Ice Storm ‘23? Probably not

Ice Storm ‘23? Probably not

By Lawrence Belanger

Local Journalism Initiative

The Townships are in for a little reminder of the 1998 ice storm if forecasts for the rest of the week are accurate. Local weather reports forecast that a winter weather system will move into the area late Wednesday. Andrew Retchless, a local weather enthusiast, recalled “Ice Storm ‘98” in a post to his “Retchless Weather Services” Facebook page, mentioning “eerily similar” atmospheric conditions to 25 years ago, almost to the date.

Speaking with The Record over the phone, Retchless says “we’re gonna be right on the dividing line between rain, ice pellets and snow.” Things should “get white again,” he adds, with up to 5cms of snow possible through Thursday. He explains what is known as the “upslope snow effect” will cause hilly regions like ours to produce extra snow, as high humidity in the lower atmosphere is pushed up into the colder air in higher elevations, condenses and turns into snowfall.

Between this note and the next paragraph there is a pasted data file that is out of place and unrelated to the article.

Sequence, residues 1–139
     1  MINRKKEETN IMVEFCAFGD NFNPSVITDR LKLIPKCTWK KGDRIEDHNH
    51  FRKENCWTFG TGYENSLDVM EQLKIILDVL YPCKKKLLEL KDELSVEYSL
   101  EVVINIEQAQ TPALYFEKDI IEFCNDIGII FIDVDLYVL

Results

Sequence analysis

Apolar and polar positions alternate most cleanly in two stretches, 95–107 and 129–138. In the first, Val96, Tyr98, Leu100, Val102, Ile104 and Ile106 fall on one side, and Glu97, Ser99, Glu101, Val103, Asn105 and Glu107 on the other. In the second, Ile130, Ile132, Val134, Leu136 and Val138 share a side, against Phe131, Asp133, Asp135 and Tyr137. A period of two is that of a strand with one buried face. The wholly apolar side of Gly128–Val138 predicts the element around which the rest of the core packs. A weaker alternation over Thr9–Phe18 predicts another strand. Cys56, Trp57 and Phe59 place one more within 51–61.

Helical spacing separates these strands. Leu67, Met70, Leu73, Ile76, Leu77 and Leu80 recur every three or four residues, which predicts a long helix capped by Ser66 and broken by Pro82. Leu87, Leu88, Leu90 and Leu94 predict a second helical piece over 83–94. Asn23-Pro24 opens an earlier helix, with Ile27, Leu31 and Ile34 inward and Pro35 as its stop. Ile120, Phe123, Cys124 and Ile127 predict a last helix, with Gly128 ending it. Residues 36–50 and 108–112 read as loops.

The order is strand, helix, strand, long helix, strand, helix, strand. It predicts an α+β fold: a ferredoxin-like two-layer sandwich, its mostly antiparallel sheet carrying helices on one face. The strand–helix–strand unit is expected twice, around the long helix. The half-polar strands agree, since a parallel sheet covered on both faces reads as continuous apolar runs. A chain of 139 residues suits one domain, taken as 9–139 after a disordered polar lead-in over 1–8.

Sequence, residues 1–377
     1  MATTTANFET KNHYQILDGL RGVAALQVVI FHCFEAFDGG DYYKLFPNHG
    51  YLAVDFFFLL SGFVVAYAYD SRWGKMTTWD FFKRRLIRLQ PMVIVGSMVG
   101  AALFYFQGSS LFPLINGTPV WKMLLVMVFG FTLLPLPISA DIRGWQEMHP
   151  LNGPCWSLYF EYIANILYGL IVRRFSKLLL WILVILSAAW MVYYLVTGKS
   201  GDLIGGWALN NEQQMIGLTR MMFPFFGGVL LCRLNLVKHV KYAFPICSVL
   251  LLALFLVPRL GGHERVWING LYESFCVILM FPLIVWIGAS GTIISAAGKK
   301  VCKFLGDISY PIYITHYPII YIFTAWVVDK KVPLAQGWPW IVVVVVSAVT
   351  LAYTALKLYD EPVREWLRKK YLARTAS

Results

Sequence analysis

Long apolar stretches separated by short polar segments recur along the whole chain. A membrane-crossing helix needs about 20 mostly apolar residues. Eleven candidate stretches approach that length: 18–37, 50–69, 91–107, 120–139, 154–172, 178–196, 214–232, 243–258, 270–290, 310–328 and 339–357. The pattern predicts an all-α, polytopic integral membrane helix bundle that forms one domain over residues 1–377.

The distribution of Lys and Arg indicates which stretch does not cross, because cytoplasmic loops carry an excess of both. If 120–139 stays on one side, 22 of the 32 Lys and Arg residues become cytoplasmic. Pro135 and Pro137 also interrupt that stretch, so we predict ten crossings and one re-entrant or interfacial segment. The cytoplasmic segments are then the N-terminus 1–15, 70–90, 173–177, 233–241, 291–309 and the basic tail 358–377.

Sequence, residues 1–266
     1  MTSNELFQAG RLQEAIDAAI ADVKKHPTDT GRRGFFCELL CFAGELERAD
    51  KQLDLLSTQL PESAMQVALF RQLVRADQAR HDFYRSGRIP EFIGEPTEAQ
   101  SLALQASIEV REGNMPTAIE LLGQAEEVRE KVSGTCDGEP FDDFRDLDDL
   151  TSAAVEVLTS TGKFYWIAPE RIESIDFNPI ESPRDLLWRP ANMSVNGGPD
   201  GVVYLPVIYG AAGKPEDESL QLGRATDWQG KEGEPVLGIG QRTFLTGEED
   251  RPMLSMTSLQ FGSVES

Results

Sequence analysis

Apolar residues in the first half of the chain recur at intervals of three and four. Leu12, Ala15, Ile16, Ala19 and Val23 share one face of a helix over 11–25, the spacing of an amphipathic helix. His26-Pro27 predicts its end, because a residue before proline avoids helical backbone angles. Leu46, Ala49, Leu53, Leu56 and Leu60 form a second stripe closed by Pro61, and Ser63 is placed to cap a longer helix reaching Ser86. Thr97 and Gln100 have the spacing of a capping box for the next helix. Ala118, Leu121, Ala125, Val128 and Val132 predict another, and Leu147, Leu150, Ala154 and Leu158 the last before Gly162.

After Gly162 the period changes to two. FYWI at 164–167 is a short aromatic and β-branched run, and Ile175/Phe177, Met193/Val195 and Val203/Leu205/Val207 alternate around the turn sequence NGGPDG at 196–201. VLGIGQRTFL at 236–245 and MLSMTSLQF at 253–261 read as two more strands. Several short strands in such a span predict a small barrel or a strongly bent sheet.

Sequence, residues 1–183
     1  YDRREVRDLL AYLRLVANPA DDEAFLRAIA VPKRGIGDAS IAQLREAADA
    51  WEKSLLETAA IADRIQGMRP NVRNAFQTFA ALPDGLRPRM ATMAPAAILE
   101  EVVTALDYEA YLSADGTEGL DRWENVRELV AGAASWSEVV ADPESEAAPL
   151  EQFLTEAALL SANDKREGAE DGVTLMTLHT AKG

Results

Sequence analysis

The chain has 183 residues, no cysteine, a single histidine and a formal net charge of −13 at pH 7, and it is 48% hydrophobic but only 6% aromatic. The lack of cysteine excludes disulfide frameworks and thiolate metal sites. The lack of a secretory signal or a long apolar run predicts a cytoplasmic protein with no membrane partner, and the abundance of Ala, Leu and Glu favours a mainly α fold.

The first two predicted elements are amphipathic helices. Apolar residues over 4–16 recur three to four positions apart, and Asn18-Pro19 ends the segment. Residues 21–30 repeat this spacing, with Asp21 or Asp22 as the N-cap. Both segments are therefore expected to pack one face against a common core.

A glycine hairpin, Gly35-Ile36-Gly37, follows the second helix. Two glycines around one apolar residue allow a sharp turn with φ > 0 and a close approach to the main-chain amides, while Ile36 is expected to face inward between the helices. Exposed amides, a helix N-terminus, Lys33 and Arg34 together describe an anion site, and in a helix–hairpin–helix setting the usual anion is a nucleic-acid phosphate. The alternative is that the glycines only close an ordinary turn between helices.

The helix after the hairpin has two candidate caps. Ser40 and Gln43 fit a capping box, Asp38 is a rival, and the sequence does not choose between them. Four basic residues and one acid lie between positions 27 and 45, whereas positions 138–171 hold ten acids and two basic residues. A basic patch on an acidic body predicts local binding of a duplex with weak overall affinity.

To make his observations, Retchless checks the National Weather Service’s Burlington, VT office for field observations. In comparison to the CBC or Climate Canada people, who Retchless says might be working in Montreal off of remote observations and computers, the meteorologists are on the ground at Burlington Airport, giving them a better perspective. “There’s a direct translation between their microclimate and ours,” says Retchless. Compared to the rest of the region, such as Sherbrooke proper and Granby, which are mostly flat and open, Lennoxville and places in the hills are more akin to northern Vermont.

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